The summer of 1840 did not pass without serious interruptions to the British communications between Candahar and the Indus; nor without unexpected and ominous disasters before they were restored. General Willshire, with the returning Bombay column, had in the previous November stormed Mehrab Khan’s ill-manned and worse armed fort of Khelat, and the Khan, disdaining to yield, had fallen in the hopeless struggle. His son Nusseer Khan had been put aside in favour of a collateral pretender, and became an active and dangerous malcontent. All Northern Beloochistan fell into a state of anarchy. A detachment of sepoys escorting supplies was cut to pieces in one of the passes. Quetta was attacked with great resolution by Nusseer Khan, but was opportunely relieved by a force sent from another post. Nusseer made himself master of Khelat, and there fell into his cruel hands Lieutenant Loveday, the British political officer stationed there, whom he treated with great barbarity, and finally murdered. A British detachment under Colonel Clibborn, was defeated by the Beloochees with heavy loss, and compelled to retreat. Nusseer Khan, descending into the low country of Cutch, assaulted the important post of Dadur, but was repulsed, and taking refuge in the hills, was routed by Colonel Marshall with a force from Kotree, whereupon he became a skulking fugitive. Nott marched down from Candahar with a strong force, occupied Khelat, and fully re-established communications with the line of the Indus, while fresh troops moved forward into Upper Scinde, and thence gradually advancing to Quetta and Candahar, materially strengthened the British position in Southern Afghanistan.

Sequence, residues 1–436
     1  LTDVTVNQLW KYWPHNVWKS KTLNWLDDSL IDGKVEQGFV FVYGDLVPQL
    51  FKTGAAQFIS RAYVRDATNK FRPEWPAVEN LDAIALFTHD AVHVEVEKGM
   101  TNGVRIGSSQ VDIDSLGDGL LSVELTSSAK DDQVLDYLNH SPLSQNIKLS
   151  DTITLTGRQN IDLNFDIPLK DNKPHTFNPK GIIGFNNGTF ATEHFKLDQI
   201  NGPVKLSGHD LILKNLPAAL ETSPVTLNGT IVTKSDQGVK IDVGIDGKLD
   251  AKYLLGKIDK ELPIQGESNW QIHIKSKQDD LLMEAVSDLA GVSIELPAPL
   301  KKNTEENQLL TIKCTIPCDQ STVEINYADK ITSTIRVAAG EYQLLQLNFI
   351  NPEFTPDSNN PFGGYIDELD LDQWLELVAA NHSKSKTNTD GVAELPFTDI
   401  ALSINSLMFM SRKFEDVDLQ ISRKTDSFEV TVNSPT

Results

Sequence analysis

Dost Mahomed, after his flight from Cabul in 1839, had soon left the hospitable refuge afforded him in Khooloom, a territory west of the Hindoo Koosh beyond Bamian, and had gone to Bokhara on the treacherous invitation of its Ameer, who threw him into captivity. The Dost’s family remained at Khooloom, in the charge of his brother Jubbar Khan. The advance of British forces beyond Bamian to Syghan and Bajgah, induced that Sirdar to commit himself and the ladies to British protection. Dr Lord, Macnaghten’s political officer in the Bamian district, was a rash although well-meaning man. The errors he had committed since the opening of spring had occasioned disasters to the troops whose dispositions he controlled, and had incited the neighbouring hill tribes to active disaffection. In July Dost Mahomed made his escape from Bokhara, hurried to Khooloom, found its ruler and the tribes full of zeal for his cause, and rapidly grew in strength. Lord found it was time to call in his advance posts and concentrate at Bamian, losing in the operation an Afghan regiment which deserted to the Dost. Macnaghten reinforced Bamian, and sent Colonel Dennie to command there. On September 18th Dennie moved out with two guns and 800 men against the Dost’s advance parties raiding in an adjacent valley. Those detachments driven back, Dennie suddenly found himself opposed to the irregular mass of Oosbeg horse and foot which constituted the army of the Dost. Mackenzie’s cannon fire shook the undisciplined horde, the infantry pressed in to close quarters, and soon the nondescript host of the Dost was in panic flight, with Dennie’s cavalry in eager pursuit. The Dost escaped with difficulty, with the loss of his entire personal equipment. He was once more a fugitive, and the Wali of Khooloom promptly submitted himself to the victors, and pledged himself to aid and harbour the broken chief no more. Macnaghten had been a prey to apprehension while the Dost’s attitude was threatening; he was now in a glow of joy and hope.